What are some problems you have faced starting an archery club in Kuwait?
I am struggling to continue my career as an archery coach here in Kuwait. There are no avenues to practice archery; it is not very popular here. We also have to get special permission as archery tools are classified as weapons, and it is also difficult to move around with the equipment, especially with the police checking making it difficult. We are eager to start an archery club in one of the schools and teach children, but the process seems difficult.
I have been getting regular inquiries from people interested in learning and practicing archery and willing to send their children for archery practice. However, there has to be some initiative from a well-connected person to set up archery club. We have to fill up the paperwork and get legal permission, so that it is accepted along the local authorities.
Do you feel archery is given enough attention as a competitive sport in India?
Archery is a huge competitive sport in India, and the Indian team has performed very well in the world championships, Olympics and at Asiads. In Jamshedpur, there is a big Tata sponsored training facility, a Sports club that trains students in archery. They pick up students of all ages and they groom them. It is good. But there are many parts of India, like North East, South and even in Maharashtra where they have dedicated sports teams.
Was it hard to get people interested?
Before, when we started in Mumbai, there was nobody but now there are colleges. Before, the sports bodies and colleges and schools didn’t have any equipment. So we supplied it and took the initiative. The sports committee was there and they said they would conduct the competition if my husband and I took the initiative. I coached the schools and we were involved in conducting the competitions. We trained our students, and soon they earned many victories and participated in national teams also.
What was your experience like coaching students for tournaments back in Mumbai?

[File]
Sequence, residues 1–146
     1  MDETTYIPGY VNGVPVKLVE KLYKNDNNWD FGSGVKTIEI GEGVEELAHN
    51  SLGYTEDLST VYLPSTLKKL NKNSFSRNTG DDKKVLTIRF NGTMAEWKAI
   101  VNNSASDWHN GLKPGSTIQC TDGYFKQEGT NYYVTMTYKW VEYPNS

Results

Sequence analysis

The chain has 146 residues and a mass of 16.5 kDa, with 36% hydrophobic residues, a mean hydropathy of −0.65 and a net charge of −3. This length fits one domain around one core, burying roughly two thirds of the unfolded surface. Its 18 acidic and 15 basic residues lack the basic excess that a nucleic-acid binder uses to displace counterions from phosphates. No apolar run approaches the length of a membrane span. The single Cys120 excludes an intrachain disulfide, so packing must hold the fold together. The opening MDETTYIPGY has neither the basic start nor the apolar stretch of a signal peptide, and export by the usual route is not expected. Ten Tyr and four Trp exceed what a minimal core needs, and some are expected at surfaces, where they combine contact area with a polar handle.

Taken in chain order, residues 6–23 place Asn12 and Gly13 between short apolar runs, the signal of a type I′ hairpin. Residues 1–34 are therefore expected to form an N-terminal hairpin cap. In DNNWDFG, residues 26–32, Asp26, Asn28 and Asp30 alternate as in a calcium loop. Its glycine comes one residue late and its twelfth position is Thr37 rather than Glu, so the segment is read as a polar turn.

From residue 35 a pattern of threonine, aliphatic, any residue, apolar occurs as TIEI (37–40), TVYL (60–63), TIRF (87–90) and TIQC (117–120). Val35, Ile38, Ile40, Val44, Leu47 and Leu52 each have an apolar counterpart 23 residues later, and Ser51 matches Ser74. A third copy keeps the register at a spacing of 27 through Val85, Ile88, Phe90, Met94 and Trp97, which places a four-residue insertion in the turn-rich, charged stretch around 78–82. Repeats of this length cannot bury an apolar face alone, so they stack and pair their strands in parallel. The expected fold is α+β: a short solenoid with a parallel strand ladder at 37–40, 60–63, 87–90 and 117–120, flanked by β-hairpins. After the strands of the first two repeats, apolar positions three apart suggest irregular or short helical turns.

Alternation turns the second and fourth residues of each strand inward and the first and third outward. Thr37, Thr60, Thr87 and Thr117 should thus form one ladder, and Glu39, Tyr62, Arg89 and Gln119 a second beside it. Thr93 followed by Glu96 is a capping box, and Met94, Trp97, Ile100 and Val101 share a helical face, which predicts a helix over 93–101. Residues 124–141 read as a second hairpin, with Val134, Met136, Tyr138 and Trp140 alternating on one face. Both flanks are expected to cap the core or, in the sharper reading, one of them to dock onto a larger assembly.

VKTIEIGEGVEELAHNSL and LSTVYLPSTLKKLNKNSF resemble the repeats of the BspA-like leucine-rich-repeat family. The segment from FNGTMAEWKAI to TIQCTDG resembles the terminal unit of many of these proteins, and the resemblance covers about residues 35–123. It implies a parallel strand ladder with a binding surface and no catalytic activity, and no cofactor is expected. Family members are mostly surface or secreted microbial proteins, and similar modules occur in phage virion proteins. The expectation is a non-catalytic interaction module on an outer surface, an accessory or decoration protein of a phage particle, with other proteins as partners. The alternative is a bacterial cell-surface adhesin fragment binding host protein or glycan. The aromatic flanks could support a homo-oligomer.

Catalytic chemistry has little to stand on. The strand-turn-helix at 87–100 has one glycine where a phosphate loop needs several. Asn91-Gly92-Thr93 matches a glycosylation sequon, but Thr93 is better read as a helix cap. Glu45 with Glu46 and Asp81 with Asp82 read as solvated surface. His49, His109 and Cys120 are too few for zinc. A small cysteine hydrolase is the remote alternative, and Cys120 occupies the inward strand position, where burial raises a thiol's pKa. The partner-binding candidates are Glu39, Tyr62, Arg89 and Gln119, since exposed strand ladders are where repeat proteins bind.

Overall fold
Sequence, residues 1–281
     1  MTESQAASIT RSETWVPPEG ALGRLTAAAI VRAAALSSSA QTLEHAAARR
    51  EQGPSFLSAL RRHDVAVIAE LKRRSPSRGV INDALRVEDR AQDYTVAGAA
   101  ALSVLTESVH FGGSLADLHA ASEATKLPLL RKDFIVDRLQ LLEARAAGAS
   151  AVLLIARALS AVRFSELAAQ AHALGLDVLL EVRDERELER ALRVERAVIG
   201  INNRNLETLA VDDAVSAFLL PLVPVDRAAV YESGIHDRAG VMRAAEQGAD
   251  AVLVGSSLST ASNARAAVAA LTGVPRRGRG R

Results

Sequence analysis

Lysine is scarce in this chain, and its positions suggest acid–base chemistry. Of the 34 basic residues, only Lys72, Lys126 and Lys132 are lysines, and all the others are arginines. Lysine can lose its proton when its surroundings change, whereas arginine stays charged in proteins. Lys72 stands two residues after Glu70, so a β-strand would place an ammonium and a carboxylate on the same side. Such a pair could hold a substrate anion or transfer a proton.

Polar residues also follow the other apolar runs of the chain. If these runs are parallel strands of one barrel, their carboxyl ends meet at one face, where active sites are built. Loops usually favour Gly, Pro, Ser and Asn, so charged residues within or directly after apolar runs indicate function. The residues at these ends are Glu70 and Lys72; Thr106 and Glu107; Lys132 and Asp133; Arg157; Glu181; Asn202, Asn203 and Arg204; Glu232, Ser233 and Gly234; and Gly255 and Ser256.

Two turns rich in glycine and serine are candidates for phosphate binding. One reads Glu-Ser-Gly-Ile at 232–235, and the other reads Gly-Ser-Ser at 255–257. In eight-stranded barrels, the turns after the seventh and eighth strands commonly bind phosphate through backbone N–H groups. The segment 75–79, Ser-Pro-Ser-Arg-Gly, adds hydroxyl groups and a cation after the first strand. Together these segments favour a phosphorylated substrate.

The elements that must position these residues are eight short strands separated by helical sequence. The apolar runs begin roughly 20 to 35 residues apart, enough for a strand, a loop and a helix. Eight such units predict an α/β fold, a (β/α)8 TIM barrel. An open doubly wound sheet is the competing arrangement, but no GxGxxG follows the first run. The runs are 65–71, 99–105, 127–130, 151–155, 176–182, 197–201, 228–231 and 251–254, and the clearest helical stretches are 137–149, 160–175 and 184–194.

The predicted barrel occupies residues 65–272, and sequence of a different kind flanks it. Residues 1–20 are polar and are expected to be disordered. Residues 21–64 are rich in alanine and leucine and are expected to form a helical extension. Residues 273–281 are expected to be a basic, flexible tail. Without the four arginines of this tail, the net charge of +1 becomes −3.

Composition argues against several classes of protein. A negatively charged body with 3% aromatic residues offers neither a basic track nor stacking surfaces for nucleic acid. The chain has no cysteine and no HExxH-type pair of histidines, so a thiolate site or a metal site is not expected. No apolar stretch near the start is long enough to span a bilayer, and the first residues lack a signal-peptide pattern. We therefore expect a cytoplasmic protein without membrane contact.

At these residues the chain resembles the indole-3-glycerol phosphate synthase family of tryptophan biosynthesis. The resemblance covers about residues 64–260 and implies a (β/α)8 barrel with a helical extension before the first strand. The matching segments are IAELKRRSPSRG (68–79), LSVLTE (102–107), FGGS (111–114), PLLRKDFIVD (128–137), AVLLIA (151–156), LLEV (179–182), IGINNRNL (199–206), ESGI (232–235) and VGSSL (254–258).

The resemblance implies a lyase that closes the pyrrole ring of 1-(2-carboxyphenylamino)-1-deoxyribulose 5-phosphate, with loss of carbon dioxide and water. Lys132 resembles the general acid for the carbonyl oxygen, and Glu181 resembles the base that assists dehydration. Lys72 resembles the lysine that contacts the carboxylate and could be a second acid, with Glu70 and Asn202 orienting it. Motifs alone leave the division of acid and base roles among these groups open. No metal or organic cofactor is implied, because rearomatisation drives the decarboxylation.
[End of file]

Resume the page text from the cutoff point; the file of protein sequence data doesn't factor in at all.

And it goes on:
We had Sunday morning classes for hobbyists; we had children from 8 years to 10 years, and also office going people of the 40 plus age group. People used to come to our school from faraway places as it was the only one. After the coaching they participated in tournaments and received certificates and medals. There is great scope for archery in India, and many students got admission through sports quota when they applied for Colleges.
Are you in contact with the students you trained?
I am very proud of my students who have become national level coaches in Mumbai now. I trained them to be their best and now they have increased their skill level. I keep in touch and give them advice, and I talk with them often. Now they are professional coaches and doing well and running their own coaching clubs with over 200 students, some of who have participated in national level competitions also.
What advice do you have for kids that would like to pursue the sport?
If students want to pursue archery they should start young, then their confidence will increase and they will get certificates and medals as they practice and get more experience. Age is no bar for archery practice. And people can take part individually or in a group. And I hope the Kuwait authorities decide to allow archery clubs in schools or let us work with the hotels and resorts to include archery as a hobby or recreational activity.